When: This is a three-hour workshop.

Leadership presence, like stage presence, isn’t all about talent. It is about developing a set of skills that result in increased connection with your team and a sense of competence that builds trust and influence with others.


What: This participatory workshop will help you develop your impact and presence as a leader, including considerations of behavioral impact, organizational impact, visual impact and vocal impact. Leadership grows from the inside out, and you will begin by focusing on identifying and expressing your core values. Topics will include listening, humor, body language, vocal flexibility and the organization of ideas.  


Benefits: Developing an awareness of personal presence is an important part of leadership. Participants will increase their individual skills related to leadership communication and will identify a “personal leadership brand” and develop skills to cope with negative self-talk. Participants will practice their skills in leadership presence and become better able to apply those skills in the workplace.


Who should attend: New and aspiring leaders.


When: Two-part workshop of six contact hours divided into two three-hour sessions.

It’s not what you say, it’s how you say it. Almost 93 percent of human communication is non-verbal. Join us in developing more effective non-verbal communication skills – including tone of voice, physical orientation and environment and body language. These skills are useful in negotiation, team management, networking, collaboration, professional presentations and so much more.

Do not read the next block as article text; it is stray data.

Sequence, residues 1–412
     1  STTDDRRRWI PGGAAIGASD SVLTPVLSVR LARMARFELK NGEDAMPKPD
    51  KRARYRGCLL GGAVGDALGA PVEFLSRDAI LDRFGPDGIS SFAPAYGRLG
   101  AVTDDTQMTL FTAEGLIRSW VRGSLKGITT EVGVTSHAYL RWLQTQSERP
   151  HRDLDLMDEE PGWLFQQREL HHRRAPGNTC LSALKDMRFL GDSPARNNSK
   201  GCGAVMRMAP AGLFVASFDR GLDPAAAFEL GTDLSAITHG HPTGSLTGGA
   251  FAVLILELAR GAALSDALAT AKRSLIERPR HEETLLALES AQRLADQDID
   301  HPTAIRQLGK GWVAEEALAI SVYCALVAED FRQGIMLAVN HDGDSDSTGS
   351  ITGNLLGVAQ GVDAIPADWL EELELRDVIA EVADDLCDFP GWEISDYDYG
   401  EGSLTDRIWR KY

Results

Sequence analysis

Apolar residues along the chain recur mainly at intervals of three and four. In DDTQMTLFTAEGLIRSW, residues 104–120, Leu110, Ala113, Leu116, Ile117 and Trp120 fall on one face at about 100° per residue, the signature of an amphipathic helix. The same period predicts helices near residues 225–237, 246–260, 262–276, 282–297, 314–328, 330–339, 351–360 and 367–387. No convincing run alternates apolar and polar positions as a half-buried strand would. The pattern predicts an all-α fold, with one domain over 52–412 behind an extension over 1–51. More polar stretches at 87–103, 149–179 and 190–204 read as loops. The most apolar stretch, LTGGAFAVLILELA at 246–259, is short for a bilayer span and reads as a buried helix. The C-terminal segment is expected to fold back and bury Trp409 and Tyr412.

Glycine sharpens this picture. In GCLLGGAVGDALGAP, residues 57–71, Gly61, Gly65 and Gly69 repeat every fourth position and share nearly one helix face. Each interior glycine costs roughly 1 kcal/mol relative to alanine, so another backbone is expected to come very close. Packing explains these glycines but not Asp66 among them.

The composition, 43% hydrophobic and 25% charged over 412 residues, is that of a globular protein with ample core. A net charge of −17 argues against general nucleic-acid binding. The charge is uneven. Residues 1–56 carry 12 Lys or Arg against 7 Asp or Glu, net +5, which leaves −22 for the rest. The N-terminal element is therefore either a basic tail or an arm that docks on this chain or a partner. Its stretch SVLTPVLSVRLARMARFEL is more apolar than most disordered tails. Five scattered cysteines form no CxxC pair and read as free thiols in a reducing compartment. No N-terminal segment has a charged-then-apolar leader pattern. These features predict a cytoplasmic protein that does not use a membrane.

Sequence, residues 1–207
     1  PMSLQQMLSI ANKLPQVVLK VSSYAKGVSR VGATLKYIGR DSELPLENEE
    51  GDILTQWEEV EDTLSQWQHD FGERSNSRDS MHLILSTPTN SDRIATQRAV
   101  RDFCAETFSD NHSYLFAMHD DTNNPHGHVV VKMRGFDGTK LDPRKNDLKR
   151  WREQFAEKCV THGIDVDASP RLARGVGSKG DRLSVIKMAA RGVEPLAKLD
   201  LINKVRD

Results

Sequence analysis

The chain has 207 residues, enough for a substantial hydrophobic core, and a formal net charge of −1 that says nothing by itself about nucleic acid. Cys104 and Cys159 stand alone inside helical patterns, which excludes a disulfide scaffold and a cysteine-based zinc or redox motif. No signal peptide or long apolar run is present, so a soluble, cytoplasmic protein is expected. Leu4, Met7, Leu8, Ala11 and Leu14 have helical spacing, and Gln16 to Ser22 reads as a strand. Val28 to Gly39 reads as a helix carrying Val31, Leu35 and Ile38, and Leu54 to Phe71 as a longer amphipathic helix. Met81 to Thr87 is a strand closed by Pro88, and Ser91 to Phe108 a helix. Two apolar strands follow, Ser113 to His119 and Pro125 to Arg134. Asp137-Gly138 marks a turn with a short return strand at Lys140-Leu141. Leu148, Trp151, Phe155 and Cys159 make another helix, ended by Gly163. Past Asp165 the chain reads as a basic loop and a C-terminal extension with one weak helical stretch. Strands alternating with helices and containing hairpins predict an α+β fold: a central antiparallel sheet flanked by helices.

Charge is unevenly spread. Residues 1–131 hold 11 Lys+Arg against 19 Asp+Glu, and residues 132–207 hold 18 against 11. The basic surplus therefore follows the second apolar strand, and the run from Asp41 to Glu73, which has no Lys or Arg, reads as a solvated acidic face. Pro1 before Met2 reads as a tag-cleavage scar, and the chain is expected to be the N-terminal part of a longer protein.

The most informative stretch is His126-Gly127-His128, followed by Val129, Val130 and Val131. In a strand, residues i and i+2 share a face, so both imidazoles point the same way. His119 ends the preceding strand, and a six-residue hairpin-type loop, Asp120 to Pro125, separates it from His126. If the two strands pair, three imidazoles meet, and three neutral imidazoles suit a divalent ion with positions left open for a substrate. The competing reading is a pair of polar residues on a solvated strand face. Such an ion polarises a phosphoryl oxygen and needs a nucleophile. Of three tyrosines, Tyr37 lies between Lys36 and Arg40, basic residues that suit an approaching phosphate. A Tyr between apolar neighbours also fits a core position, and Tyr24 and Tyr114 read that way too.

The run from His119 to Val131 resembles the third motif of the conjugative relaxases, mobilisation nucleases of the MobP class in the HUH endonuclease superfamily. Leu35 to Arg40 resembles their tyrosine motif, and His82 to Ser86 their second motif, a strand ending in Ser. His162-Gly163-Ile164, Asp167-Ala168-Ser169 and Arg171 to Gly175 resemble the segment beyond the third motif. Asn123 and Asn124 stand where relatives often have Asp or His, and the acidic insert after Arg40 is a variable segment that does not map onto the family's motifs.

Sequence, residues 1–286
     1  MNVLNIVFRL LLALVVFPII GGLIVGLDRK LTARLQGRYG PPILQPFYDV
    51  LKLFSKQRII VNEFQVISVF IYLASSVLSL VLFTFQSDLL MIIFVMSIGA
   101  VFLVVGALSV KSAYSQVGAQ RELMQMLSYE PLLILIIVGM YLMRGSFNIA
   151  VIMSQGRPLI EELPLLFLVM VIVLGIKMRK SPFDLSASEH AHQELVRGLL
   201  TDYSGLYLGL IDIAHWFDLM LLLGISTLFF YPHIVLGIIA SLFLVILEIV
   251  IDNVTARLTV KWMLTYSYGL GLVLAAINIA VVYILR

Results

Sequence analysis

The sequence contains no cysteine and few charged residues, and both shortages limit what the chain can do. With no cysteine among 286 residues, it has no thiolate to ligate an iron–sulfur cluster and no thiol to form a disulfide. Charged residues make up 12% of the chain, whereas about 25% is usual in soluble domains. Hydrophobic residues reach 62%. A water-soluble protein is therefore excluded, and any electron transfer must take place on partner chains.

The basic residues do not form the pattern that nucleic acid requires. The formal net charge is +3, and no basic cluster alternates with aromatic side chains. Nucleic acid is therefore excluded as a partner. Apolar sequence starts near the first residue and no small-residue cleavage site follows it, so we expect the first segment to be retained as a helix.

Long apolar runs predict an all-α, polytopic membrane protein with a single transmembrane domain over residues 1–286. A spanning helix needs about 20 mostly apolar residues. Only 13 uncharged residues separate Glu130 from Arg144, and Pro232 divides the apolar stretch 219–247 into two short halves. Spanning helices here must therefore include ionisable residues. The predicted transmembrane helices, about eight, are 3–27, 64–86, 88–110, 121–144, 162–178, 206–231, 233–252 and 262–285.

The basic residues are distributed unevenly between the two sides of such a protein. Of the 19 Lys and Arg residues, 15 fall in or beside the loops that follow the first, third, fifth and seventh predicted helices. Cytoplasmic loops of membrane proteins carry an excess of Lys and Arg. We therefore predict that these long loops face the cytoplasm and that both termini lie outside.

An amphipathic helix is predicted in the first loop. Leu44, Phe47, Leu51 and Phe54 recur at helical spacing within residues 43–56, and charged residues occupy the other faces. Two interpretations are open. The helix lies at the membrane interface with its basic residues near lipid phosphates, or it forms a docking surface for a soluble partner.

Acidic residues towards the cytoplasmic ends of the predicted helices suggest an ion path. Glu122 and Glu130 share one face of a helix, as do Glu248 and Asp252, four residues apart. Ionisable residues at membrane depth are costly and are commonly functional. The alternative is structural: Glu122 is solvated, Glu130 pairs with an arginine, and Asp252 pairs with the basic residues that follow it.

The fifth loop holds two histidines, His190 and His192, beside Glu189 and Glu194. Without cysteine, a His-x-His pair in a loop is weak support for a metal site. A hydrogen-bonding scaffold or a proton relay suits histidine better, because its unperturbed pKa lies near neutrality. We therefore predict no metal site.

What: This workshop will help participants become more aware of the non-verbal communication that is happening all around them. Through exercises and explorations, participants will develop their abilities to monitor, analyze and adjust their secondary communicative behaviors.


Benefits: Participants will leave this workshop with an increased awareness of the importance of mirroring, an increased ability to decode and convey non-verbal messages, an increased ability to listen to, observe, analyze and question the messages conveyed by others, and an increased ability to distinguish non-verbal indicators of audience comprehension and attentiveness in either individual or group interaction and to respond with appropriate strategies.